CPAWS Celebrates Alberta’s Announcement of the World’s Largest Boreal Protected Areas Network

May 15, 2018
By: admin

CPAWS Celebrates Alberta’s Announcement of the World’s Largest Boreal Protected Areas Network

  — Press Release May 15, 2018

EDMONTON – Canada’s boreal forest faces a brighter future with today’s exciting protected areas announcement from the Government of Alberta! This afternoon, Alberta’s Minister of Environment and Parks announced the creation and expansion of five wildland provincial parks in northeast Alberta, making up an addition of 1.36 million hectares to Alberta’s protected areas network.

Together with Wood Buffalo National Park and the Caribou Mountains Wildland Provincial Park, these areas make up the largest contiguous, legislated boreal protected area network in the world. The new wildland provincial parks also set the stage for Indigenous community involvement with the proposed development of Indigenous co-management processes and Indigenous Guardian programs.

“CPAWS is thrilled to see the Government of Alberta legislatively protect boreal forest and caribou habitat in one of Canada’s busiest industrial landscapes, and to include Indigenous co-management development proposals,” says Tara Russell, CPAWS Northern Alberta Program Director. “We would like to extend gratitude and congratulations to the Tall Cree First Nation, Nature Conservancy of Canada, and Syncrude for their contributions to the new boreal protected area network. This is the largest single announcement of protected land added to the parks network by Alberta and shows great leadership and a commitment to our province’s future health and wellbeing.”

While there is still much work to be done with Indigenous communities to address concerns regarding conservation of the Peace Athabasca Delta, these new parks make Alberta a leader in conservation of caribou habitat and the world’s boreal forest, and is a step to be applauded.

“We hope to see an Indigenous co-management development process that truly provides a voice for Indigenous communities to decide how lands are managed and protected. This will be precedent setting for this part of Alberta, and we want to see it done right, and respectfully,” stated Dr. Kecia Kerr, Executive Director of CPAWS Northern Alberta.

Today’s announcement marks a big step towards achieving Canada’s targets under the Pathway to Target 1 process, which aims to protect 17% of Canada’s land and freshwater as part of Canada’s commitments to the international community under the Convention on Biological Diversity.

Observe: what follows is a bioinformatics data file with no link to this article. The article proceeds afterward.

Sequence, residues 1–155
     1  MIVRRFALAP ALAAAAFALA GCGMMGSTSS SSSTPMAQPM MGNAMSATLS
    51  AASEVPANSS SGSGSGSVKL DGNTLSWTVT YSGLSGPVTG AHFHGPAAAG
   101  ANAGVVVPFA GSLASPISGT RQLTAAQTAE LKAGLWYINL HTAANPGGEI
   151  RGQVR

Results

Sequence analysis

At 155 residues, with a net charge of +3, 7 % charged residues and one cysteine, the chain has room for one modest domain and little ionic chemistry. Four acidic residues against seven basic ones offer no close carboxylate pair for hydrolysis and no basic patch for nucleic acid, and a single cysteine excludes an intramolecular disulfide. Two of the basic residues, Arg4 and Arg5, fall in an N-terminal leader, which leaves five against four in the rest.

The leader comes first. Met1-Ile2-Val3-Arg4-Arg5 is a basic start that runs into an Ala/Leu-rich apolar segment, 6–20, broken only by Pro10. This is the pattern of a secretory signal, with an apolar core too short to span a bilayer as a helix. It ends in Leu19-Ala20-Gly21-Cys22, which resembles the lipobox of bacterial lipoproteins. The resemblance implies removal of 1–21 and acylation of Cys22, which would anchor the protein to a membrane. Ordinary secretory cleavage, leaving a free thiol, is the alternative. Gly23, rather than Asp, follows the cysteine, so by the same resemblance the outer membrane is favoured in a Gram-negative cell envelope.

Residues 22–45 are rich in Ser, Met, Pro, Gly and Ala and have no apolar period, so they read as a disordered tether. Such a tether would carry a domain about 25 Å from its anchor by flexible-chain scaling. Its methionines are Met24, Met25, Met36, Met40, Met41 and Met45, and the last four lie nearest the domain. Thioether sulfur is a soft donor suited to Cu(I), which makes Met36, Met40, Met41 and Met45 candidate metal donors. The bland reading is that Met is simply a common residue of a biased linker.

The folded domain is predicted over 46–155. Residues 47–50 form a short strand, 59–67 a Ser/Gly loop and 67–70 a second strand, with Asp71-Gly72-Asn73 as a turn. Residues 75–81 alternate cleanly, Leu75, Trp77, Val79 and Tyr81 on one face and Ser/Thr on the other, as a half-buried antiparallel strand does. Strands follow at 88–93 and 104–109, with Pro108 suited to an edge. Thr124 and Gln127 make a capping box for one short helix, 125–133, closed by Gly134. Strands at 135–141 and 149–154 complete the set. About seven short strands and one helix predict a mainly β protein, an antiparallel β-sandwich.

“Legislative protection, like the 1.36 million hectares announced today, help fulfil Alberta’s obligations to recover woodland caribou with the additions of protected areas in four woodland caribou ranges, and prove that there are opportunities for collaborative solutions for conservation between industry leaders, communities, and Indigenous communities. If there are protected area solutions in this busy landscape, then we can find them in all caribou ranges and in other sensitive ecosystems that are not sufficiently protected,” says Russell.

Now, with 14.5% protection of its landscape, Alberta could become the first jurisdiction within Canada to achieve 17% protection. Completion of other on-going land-use planning processes, such as caribou range planning, addressing concerns expressed by Indigenous communities around Wood Buffalo National Park, and the North Saskatchewan Regional Plan, will protect and conserve other underrepresented ecosystems and solidify Alberta’s leadership position.

Alberta’s boreal forest is a haven for wildlife, migratory songbirds, and waterfowl, and is one of the largest sources of freshwater on the planet. Conserving portions of this ecologically and economically significant area is crucial to protecting biodiversity, wilderness, and wildlife, but also to maintaining our reputation as an environmentally responsible province and country. Today’s historic announcement provides hope for the future of our province.

For more information:

Dr. Kecia Kerr, Executive Director, CPAWS Northern Alberta Chapter
Phone: 780-328-3780 ext. 1

Tara Russell, Program Director, CPAWS Northern Alberta Chapter
Phone: 780-328-3780 ext. 3

BACKGROUNDER

The Canadian Parks and Wilderness Society

The Canadian Parks and Wilderness Society (CPAWS) is Canada’s only nationwide charity dedicated solely to the protection of our public land and water and ensuring our parks are managed to protect the biodiversity within them. Over the last 50+ years, CPAWS has played a lead role in protecting over half a million square kilometres – an area bigger than the entire Yukon Territory. Our vision is to protect at least half of our public land and water so that future generations can experience Canada’s irreplaceable wilderness.

CPAWS has chapters in almost every province and territory across Canada, and two chapters here in Alberta – a Southern Alberta chapter located in Calgary and a Northern Alberta chapter located in Edmonton. As a collaborative organization, CPAWS works closely with government of all levels, industry representatives, and communities to manage our impact on a shared landscape. We also advocate for the creation of parks and protected areas for the benefit of both current and future generations of Canadians.

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